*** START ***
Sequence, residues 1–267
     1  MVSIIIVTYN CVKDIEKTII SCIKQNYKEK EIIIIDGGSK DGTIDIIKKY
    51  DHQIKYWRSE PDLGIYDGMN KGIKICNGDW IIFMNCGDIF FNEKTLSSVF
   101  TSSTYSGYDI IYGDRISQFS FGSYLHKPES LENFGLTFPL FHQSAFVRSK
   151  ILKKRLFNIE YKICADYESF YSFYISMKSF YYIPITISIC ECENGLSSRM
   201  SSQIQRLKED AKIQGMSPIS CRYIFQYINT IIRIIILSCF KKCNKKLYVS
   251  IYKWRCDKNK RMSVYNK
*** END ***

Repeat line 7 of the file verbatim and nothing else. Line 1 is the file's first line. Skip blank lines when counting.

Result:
   251  IYKWRCDKNK RMSVYNK